Saturday, June 27, 2009


Is the Dollar Doomed?

I linked to this Seeking Alpha post already, but even if you followed the link you may not have continued to the charts on Part 2. (Tim Swanson had stressed this in his original email to me.) Check these out:

We all knew the fiscal situation was bleak, but I didn't realize just how bleak.

In related news, the WSJ reported yesterday: "China will push reform of the international currency system to make it more diversified and reasonable, and to reduce excessive reliance on the current reserve currencies, the People's Bank of China said Friday." We all know what that means:
The PBOC comments "fuel concern about reserve diversification undermining the U.S. currency," said analysts at Credit Suisse.

China's central bank said in the annual report that under the proposal, the IMF should "manage part of the reserves of its members" and be reformed to increase the rights of emerging markets and developing countries.

It also urged stronger monitoring of countries that issue reserve currencies. Central banks around the world hold more U.S. dollars and dollar securities than they do assets denominated in any other individual foreign currency.

That part I put in bold is particularly ominous. Sounds a bit like, "Hey, if we're going to tie our economy to the U.S. dollar, we get some say in Federal Reserve policy." It looks like they're making it official.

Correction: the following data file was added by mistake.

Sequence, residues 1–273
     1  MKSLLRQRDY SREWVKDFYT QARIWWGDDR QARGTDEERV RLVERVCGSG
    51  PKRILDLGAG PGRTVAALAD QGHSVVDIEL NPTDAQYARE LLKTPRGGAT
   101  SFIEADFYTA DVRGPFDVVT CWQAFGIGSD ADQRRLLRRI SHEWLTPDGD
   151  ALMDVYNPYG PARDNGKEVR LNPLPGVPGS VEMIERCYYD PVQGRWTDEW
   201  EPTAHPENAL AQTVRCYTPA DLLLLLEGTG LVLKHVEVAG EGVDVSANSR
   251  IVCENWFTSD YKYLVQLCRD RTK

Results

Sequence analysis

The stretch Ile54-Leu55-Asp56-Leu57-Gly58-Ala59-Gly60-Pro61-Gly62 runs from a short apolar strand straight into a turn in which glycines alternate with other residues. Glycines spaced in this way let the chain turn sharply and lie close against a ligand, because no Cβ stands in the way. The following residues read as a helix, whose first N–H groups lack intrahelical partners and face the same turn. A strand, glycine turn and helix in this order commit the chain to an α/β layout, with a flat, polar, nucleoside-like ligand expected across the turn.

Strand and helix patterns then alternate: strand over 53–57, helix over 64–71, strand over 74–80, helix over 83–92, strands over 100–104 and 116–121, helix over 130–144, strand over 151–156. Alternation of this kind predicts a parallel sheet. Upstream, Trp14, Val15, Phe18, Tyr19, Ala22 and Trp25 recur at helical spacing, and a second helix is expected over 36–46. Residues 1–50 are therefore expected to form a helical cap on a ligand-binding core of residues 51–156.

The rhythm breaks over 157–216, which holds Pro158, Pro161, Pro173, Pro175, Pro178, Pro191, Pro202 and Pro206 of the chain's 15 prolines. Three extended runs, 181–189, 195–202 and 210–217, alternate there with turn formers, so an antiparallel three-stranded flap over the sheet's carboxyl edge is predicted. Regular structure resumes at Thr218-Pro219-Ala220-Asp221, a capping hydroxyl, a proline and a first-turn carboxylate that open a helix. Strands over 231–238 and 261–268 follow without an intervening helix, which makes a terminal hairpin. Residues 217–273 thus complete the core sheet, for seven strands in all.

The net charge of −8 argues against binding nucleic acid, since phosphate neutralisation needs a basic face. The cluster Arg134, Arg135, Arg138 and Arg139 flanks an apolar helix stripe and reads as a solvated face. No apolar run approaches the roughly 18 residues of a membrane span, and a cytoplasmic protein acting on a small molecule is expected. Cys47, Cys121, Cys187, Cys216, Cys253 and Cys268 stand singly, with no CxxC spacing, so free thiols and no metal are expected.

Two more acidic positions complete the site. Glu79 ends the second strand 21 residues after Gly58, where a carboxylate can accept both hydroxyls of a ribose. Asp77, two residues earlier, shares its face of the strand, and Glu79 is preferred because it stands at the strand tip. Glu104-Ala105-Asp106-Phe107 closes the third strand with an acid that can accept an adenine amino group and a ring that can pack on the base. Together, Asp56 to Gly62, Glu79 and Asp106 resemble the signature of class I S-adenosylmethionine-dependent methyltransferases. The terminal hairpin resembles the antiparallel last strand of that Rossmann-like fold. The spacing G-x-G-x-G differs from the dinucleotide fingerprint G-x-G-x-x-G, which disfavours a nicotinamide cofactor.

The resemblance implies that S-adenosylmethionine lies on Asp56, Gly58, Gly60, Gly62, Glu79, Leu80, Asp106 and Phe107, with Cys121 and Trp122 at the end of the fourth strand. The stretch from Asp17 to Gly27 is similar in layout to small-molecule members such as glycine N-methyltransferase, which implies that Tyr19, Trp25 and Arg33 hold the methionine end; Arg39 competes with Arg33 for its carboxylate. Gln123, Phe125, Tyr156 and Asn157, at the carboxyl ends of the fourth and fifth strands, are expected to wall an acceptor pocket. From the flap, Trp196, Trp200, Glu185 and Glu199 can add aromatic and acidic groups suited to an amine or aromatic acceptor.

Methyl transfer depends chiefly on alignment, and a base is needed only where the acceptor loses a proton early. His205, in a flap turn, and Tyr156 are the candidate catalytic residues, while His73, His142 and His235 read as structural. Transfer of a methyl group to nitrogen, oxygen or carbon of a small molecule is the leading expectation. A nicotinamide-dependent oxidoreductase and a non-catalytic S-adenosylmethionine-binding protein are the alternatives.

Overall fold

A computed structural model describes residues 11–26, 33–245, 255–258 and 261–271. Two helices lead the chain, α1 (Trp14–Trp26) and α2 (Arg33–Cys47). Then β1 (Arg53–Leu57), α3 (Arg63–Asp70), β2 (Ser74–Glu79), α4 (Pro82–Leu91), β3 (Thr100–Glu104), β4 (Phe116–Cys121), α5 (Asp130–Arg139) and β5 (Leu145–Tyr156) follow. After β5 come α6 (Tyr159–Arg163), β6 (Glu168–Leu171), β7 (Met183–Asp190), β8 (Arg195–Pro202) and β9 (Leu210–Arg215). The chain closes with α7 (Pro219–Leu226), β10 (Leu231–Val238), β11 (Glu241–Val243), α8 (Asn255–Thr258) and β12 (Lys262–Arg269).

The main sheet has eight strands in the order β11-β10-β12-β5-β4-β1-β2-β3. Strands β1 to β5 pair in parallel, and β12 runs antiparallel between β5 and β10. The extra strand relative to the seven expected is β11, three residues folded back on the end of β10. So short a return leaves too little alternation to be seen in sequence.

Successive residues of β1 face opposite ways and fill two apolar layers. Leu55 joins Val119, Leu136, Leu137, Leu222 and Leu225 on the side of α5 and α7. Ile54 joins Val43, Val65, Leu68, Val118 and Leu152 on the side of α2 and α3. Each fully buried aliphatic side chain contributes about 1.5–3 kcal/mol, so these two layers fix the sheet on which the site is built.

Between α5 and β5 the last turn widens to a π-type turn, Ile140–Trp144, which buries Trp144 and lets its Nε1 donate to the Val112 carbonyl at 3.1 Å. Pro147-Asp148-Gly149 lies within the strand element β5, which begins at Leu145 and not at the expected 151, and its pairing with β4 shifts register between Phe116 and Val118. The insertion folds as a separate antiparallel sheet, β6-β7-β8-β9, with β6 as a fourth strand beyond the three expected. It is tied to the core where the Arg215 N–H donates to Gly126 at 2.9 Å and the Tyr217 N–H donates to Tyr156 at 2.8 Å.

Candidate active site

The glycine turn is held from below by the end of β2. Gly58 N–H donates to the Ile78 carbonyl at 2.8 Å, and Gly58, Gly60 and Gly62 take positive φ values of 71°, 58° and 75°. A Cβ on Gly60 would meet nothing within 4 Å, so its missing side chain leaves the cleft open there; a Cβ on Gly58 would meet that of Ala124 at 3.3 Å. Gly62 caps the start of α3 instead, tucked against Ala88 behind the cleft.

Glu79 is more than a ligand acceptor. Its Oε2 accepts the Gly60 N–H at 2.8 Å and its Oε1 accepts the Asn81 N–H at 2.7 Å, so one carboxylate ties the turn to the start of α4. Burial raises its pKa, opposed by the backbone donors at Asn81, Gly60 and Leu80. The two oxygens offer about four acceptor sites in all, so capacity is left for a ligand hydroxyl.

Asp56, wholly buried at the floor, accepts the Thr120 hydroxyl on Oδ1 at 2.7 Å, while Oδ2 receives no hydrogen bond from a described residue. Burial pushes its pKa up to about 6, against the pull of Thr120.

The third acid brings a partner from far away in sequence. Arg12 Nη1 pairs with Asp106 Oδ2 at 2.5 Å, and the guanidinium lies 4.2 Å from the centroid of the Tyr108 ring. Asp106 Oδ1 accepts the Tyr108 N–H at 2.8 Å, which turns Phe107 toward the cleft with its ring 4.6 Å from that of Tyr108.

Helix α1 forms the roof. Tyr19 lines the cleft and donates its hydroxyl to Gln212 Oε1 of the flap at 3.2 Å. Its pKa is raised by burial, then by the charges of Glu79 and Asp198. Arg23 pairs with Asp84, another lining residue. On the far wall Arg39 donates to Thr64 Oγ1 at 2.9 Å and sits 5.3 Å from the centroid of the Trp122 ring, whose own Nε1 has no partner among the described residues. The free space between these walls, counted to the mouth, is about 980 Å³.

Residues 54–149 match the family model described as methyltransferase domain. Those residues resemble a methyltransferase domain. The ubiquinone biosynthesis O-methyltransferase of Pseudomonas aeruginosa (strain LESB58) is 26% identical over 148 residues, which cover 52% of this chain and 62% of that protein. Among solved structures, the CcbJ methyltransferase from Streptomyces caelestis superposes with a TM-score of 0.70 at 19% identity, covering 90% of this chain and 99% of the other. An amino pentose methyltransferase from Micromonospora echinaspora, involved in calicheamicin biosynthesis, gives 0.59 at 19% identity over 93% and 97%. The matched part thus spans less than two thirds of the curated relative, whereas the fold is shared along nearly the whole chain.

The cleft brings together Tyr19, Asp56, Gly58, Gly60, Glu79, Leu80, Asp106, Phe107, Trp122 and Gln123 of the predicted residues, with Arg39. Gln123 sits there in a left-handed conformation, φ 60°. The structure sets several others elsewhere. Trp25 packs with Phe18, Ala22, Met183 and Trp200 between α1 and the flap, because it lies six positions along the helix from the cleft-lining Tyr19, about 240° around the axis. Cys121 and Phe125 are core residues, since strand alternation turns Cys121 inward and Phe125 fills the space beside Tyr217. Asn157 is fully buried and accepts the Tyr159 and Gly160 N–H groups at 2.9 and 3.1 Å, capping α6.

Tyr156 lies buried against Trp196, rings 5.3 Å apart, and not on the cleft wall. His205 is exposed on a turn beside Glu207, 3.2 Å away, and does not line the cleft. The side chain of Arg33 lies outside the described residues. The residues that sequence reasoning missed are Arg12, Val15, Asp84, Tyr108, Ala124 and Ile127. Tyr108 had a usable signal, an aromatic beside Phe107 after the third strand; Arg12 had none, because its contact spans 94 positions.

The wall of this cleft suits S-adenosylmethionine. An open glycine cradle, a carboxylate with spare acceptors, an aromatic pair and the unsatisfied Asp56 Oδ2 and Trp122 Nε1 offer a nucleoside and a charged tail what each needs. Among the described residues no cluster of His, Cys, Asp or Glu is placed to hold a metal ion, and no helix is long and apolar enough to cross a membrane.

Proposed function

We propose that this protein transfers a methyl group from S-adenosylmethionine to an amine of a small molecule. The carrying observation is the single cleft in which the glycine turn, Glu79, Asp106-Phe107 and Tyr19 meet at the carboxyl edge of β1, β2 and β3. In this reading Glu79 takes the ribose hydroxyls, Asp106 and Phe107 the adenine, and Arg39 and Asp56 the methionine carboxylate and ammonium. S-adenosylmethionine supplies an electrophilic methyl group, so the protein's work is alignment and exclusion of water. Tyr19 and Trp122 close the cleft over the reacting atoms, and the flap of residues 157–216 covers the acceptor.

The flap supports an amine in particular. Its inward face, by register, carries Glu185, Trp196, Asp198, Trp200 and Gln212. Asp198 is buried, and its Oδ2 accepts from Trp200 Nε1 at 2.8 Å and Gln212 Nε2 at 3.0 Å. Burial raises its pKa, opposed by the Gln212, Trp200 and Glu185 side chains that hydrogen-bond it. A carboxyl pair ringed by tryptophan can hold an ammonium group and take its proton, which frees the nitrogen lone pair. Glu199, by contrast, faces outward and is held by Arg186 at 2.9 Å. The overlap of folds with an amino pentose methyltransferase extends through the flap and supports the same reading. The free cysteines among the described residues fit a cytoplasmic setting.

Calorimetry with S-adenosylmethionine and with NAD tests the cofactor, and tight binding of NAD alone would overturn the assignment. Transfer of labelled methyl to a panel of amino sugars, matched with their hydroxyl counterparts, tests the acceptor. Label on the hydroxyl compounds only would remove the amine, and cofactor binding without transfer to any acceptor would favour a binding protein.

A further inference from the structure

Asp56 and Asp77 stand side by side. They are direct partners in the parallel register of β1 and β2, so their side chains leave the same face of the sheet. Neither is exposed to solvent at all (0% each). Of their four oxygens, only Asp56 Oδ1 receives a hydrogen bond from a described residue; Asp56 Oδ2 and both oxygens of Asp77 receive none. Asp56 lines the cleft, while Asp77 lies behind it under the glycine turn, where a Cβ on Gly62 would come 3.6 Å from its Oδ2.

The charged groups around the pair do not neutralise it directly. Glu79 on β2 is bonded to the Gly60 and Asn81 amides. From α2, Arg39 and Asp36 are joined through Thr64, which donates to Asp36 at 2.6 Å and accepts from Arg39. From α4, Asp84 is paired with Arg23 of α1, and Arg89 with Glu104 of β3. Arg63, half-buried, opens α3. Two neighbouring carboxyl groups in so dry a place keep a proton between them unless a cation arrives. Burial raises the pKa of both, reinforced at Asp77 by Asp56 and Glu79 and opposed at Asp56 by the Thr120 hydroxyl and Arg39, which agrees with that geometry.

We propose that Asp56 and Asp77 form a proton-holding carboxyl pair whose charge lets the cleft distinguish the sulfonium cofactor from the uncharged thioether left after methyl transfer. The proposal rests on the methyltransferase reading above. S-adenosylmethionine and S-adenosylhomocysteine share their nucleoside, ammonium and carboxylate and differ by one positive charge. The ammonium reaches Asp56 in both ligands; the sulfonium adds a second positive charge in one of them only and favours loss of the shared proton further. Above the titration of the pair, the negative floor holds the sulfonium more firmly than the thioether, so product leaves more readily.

That 40% of debt maturing just makes me cringe.

It is becoming clearer and clearer to me the main reason the I-banks and the hedge funds that did blow up was that they were borrowing short and lending long.

Money and Banking day one: Match your assets and liabilities.

Kaboom. The governemnt is basically "arb'ing' this and it will work until it does roll of the dice.
That chart scared me too, but something is fishy about it. Notice that the more recent bars are higher in the early maturities, but then the later maturities the gap isn't a big deal. So how do the light bars add up to 100%, when the dark bars are clearly much higher summing across all maturities?
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